The practice of law, however, did not interest him as a career. Rather, Lloyd decided to express his interest in the mercantile world and in social and economic reform by joining the staff of the American Free-Trade League as a lecturer and recruiter. The summer of 1869 saw him working in New York state and northern Ohio to popularize the League's program of tariff reform and opposition to monopoly. Soon Lloyd was promoted as assistant secretary to Mahlon Sands, executive secretary of the League. While serving in this position, he submitted to the New York Evening Post a series of anonymous letters using the nom-de-plume “No Monopoly.” These letters contained such excellent statements of the League's positions that Sands appointed Lloyd editor of the League's organ, The Free Trader, thus beginning Lloyd's career as a journalist.

In 1872, the Free-Trade League joined the Missouri Liberal Republicans, the New England Revenue Reform League, and other groups in forming the Tax-Payers' Union. Lloyd was selected editor of the Union's monthly People's Pictorial Tax Payer. This monthly campaigned against tariff-fostered monopoly, the spoils system, lobbying, and special-interests legislation. It offered a positive program of civil-service reform, sound currency, free trade, and proportional representation.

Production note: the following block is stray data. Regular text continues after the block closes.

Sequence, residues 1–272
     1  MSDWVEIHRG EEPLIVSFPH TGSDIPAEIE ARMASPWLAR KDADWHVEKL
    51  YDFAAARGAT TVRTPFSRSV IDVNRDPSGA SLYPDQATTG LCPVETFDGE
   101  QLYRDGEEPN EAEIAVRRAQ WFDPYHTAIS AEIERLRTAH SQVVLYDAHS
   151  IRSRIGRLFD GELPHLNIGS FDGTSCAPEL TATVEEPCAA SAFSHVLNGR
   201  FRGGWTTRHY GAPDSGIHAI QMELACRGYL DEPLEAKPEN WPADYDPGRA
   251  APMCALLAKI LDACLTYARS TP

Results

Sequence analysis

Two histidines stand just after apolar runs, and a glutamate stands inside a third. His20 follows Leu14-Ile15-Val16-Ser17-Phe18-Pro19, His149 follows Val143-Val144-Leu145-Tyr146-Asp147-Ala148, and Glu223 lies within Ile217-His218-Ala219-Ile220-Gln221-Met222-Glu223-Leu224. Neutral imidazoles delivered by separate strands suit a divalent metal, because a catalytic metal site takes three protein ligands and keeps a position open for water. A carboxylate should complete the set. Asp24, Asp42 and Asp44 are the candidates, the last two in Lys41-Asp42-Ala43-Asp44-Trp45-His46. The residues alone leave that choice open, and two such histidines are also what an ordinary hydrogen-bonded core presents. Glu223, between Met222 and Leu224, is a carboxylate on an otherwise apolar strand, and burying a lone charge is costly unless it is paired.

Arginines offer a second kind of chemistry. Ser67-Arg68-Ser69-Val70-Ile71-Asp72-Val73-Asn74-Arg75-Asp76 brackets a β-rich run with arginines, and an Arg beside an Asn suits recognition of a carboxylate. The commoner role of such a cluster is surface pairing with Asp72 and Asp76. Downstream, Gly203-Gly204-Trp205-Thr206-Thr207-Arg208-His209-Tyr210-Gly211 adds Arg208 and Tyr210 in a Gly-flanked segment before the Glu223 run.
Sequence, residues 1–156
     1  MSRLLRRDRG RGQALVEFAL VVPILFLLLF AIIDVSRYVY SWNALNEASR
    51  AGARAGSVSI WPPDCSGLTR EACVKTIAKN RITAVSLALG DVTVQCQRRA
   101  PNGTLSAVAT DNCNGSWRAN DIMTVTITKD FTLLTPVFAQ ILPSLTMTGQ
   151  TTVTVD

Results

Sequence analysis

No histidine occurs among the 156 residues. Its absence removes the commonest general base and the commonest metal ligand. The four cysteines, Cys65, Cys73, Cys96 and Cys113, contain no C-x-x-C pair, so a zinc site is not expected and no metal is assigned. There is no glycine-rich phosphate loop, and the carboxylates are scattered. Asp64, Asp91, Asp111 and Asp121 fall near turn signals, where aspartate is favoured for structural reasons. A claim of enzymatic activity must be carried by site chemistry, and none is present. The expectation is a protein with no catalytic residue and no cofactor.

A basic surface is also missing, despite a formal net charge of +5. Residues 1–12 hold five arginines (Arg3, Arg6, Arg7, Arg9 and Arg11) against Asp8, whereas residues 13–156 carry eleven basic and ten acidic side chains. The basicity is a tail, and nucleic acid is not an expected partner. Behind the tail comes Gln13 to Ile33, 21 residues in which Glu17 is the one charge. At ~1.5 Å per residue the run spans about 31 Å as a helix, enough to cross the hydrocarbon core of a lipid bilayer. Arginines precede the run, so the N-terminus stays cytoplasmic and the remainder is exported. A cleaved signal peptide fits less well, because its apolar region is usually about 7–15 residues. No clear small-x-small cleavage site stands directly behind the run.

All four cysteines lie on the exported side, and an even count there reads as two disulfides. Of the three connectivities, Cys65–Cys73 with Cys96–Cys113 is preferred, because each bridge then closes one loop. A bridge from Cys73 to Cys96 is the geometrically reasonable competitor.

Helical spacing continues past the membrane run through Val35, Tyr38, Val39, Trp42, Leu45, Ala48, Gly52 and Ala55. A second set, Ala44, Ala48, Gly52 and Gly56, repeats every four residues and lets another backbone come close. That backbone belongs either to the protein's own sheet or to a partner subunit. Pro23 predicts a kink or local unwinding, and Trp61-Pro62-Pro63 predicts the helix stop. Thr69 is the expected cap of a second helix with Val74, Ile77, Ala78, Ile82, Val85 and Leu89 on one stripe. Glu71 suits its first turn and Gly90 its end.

As early as 1871, when he joined the Young Men's Municipal Reform Association, Lloyd had taken part in the opposition to New York's Tammany Hall. The following year he also led the unsuccessful fight to prevent the admission of Horace Greeley to the Liberal Republican movement. Disenchanted by Greeley's presidential campaign, Lloyd welcomed the opportunity to leave New York and become a member of the editorial staff of the Chicago Tribune in midsummer, 1872.